Even during a slow week in the world of the NHL, the Philadelphia Flyers have a pair of connections to a prominent issue in world affairs, and two intriguing nuggets about major events in franchise history popped up in the news. While fans wait another month for training camp to start, they can get their hockey fix with coverage of the World Junior Championship, memories of the Eric Lindros trade in 1992, and speculation about the unceremonious departure of former head coach Alain Vigneault.
Conversation About Vigneault’s Demise
Jason Myrtetus and Bill Meltzer spoke candidly on the Flyers Daily podcast about Vigneault’s downfall in Philadelphia. The eighth-winningest coach in NHL history finished second in voting for the Jack Adams Award after his first season with the Flyers in 2019-20. Things headed south quickly with a disappointing season in 2020-21 and a poor start in 2021-22 that cost him his job after just 22 games.
“It did almost seem like whatever enthusiasm he had in that first year dissipated in that second year,” Meltzer said about Vigneault.
Myrtetus pointed to Vigneault’s approach to Carter Hart’s struggles during the 2020-21 season as the major turning point toward his downfall. The once-heralded bench boss questioned his goaltender’s work ethic and practice habits at points during a disastrous stretch. He did not become a final candidate for a head coaching job this offseason within an eventful shuffle of veteran coaches.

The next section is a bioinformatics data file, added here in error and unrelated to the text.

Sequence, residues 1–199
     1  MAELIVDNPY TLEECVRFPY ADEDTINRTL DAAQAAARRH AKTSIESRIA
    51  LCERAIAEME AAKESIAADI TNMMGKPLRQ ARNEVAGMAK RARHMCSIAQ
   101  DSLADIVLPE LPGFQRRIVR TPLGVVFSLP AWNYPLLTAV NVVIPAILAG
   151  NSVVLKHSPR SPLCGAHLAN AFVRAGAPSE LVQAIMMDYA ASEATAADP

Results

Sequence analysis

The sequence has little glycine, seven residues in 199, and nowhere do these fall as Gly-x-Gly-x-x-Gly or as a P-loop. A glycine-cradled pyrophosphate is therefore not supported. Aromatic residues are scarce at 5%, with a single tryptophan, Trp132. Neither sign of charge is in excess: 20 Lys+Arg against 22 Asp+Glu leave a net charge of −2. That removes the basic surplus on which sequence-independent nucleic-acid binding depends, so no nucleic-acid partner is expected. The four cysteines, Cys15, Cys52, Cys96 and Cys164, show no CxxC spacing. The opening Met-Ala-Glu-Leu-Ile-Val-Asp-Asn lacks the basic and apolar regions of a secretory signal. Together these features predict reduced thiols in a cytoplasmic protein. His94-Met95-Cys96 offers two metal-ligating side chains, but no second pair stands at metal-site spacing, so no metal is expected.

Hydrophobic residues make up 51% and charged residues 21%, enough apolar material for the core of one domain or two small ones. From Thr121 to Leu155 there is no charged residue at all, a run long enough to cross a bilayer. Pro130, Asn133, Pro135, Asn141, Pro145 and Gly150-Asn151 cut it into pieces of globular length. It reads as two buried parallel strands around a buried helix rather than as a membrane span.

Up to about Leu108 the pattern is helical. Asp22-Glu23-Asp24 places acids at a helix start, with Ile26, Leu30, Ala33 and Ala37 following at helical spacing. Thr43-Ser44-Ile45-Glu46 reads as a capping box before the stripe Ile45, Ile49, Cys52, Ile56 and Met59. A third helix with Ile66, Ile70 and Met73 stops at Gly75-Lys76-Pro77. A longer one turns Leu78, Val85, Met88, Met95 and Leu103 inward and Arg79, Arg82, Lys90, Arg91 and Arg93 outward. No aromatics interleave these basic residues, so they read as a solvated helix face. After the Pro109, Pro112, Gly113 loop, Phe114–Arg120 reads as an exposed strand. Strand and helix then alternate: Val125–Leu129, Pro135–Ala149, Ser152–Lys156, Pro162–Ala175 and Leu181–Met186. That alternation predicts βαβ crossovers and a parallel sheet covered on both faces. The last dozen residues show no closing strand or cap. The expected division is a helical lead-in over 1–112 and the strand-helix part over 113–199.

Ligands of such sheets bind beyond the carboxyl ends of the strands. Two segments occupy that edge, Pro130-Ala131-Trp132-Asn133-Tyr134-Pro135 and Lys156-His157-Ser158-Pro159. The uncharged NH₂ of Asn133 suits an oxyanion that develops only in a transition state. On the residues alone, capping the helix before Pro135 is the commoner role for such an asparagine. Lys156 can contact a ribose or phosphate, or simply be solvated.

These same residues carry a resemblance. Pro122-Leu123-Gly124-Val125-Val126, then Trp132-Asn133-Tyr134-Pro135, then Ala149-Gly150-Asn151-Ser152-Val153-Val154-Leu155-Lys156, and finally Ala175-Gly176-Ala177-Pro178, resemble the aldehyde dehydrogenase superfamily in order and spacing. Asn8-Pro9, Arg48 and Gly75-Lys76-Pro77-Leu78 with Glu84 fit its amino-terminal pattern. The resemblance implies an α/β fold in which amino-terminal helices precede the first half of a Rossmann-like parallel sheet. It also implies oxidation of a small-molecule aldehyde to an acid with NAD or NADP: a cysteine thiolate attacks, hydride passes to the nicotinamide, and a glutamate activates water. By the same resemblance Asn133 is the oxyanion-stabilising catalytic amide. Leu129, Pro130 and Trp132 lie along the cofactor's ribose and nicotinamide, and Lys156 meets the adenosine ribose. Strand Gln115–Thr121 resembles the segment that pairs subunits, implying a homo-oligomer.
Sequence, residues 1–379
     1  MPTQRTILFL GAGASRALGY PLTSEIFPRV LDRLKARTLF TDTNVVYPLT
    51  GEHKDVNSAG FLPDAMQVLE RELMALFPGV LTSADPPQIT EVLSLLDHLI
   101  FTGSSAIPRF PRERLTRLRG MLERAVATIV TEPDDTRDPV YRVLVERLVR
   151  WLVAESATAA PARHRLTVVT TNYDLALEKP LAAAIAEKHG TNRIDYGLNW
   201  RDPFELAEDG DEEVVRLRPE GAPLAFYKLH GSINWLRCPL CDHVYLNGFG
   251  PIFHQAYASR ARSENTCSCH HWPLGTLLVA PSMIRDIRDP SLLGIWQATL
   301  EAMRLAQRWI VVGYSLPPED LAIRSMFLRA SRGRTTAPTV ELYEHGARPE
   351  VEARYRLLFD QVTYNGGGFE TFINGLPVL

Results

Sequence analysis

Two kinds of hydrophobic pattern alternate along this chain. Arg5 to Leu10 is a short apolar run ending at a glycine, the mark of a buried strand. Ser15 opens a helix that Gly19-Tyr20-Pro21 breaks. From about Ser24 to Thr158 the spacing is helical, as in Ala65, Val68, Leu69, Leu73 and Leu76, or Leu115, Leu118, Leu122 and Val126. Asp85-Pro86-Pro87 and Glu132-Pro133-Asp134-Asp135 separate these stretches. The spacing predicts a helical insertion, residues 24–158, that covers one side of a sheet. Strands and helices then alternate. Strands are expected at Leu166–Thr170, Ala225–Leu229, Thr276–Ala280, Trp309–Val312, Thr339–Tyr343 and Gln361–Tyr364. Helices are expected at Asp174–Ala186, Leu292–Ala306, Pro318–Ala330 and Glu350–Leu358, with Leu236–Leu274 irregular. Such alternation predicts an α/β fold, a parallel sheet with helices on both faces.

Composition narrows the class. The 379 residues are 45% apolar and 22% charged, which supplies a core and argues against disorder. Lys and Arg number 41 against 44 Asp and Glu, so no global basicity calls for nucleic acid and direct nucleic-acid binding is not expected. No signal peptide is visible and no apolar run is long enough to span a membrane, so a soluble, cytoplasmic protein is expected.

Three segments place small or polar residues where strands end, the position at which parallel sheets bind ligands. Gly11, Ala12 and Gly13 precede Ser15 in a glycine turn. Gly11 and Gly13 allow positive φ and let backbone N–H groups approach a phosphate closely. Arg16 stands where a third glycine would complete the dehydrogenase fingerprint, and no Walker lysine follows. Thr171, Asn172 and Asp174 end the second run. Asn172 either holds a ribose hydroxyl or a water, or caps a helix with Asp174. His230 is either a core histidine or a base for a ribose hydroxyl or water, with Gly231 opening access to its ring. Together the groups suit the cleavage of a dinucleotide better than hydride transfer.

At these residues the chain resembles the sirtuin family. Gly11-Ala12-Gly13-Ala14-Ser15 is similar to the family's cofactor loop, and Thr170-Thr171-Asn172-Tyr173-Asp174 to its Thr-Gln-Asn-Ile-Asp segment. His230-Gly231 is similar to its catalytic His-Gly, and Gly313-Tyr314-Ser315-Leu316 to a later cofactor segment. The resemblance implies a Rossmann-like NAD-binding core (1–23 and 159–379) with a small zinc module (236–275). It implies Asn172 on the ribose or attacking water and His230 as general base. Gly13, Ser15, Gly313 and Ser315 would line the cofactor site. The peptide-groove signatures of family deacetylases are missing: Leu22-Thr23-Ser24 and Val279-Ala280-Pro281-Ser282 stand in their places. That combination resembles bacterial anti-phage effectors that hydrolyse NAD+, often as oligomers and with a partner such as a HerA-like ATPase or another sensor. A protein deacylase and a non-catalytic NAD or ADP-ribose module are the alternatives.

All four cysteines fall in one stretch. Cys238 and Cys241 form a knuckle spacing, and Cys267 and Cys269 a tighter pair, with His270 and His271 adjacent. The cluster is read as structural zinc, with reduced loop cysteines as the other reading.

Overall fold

Challenges surrounding the pandemic certainly impacted the situation heavily. Vigneault dealt with health concerns within his family, and a restricted level of media access restricted the ability of reporters to uncover the full details of issues in the Philadelphia dressing room in 2020-21.
Jackson Cates, Offseason Transactions
The Flyers continued their housekeeping tasks late in the offseason when they agreed to a one-year, two-way contract with Jackson Cates worth $775,000. The depth forward began his NHL career late in the 2020-21 season with a four-game stint after the NCAA season ended. He picked up one assist in his first season and added one goal in 11 games in 2021-22. Last season, he couldn’t make his way into the lineup for extended periods even with the rash of injuries. Gerry Mayhew and Max Willman both played their way into favor over him.